Huobi is done with halting derivatives trading in China

abdelaziz Fathi

Huobi, operator of the biggest cryptocurrency exchange in China, has completely shut down its derivatives trading for mainland investors on Friday.

Huobi has already added China to its list of prohibited jurisdictions and banned Chinese investors earlier from other types of crypto trading amid Beijing’s stepped-up crackdown on businesses related to bitcoin.

In September, Huobi said it would close Chinese users’ accounts by December 31, 2021. Binance and OKEx, which have wide Chinese user bases, also discontinued operations for mainland citizens and are no longer accepting user sign-ups with Chinese phone numbers, citing renewed regulatory guidelines in the country.

Huobi, one of the world’s biggest cryptocurrency exchanges, had a shareholder meeting on September 24. After the meeting, it was announced that the shareholders of the company had unanimously decided to scale back its operations and product offerings in China.

Huobi also suspended Bitcoin mining services and sales of mining equipment in the Chinese mainland in June. The company said it will focus on expanding its business overseas.

One of the co-founders of the company, Do Jun, said that in the past, they actively communicated with the country’s regulators to find ways to still legally offer trading services in the country. However, he said that this time, there was no other way and no place for discussions.

A former ‘big three’ platform, Huobi has been expanding aggressively into trading services in many other jurisdictions around the world, including Malaysia, Argentina, Russia, Korea as well as setting up an office in London.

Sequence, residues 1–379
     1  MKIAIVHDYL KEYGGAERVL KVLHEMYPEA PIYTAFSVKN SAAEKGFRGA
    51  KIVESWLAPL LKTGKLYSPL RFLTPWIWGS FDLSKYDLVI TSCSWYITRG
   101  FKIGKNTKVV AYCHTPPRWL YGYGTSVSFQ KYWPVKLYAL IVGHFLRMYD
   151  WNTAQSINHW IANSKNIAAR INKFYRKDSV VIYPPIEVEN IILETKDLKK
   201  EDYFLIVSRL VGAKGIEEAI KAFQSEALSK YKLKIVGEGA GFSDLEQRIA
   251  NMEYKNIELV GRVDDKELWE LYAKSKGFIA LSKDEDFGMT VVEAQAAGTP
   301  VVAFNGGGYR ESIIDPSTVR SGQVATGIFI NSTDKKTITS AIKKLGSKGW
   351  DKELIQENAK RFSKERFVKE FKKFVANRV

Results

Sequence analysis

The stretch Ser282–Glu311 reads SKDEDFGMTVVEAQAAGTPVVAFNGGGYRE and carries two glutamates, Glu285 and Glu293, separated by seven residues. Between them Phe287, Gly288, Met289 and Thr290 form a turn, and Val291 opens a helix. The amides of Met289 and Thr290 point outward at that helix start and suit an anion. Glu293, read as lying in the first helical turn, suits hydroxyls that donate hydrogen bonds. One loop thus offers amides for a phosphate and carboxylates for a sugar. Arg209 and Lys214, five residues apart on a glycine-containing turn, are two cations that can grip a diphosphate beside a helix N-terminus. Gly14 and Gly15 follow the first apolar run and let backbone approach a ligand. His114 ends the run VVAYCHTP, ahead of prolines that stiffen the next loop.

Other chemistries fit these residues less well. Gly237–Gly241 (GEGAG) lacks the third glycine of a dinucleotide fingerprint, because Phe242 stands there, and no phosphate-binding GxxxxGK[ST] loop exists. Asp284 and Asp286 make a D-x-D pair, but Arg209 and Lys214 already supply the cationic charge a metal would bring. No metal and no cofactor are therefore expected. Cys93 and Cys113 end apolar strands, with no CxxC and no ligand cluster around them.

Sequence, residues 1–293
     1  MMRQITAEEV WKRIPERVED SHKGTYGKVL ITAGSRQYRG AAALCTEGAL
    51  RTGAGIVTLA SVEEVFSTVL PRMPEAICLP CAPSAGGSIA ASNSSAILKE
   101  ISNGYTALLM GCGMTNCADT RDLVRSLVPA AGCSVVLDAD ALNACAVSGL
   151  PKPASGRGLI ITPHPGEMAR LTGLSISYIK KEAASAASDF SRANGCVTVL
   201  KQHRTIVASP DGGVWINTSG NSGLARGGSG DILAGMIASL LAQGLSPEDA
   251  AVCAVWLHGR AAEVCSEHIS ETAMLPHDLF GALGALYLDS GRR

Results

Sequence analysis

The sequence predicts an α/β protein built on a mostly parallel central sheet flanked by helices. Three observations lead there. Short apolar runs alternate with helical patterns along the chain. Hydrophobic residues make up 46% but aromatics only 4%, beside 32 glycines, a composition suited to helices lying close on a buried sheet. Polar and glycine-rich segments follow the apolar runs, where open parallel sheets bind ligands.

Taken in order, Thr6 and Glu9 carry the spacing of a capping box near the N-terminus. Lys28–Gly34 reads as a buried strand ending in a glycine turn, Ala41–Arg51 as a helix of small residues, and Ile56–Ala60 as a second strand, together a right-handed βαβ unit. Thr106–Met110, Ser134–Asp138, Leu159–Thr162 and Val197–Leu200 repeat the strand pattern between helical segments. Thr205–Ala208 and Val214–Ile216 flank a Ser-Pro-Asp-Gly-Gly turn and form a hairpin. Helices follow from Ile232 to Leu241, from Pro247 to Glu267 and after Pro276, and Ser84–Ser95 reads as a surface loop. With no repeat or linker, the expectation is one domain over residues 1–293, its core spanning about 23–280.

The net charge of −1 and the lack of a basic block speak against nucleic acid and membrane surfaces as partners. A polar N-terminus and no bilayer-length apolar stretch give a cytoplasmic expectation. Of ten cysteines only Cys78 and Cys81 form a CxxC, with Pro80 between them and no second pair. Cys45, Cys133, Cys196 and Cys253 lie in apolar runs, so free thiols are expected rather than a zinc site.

The escalation in crypto restrictions in China has led mainlanders to seek alternate trading avenues such as decentralized exchanges (DEXs) and OTC desks. These venues are now considered viable alternatives as a result of the Chinese authorities’ decision to double down on its crypto prohibition.

To erase any doubts about their intentions, Chinese internet services were ordered to block specific keywords related to crypto exchange and also banned any crypto-related search queries.

Per media reports, the central bank plans to “promptly clean up and rectify” these platforms for providing illicit crypto trading activities.

Beijing’s tougher stance will also target overseas platforms that offer exchange-like services ‎to mainlanders and allow them to trade the digital assets.‎ The current rules already scrutinize Chinese banks, online-payment providers, and individuals suspected of facilitating trades on offshore cryptocurrency venues.

 

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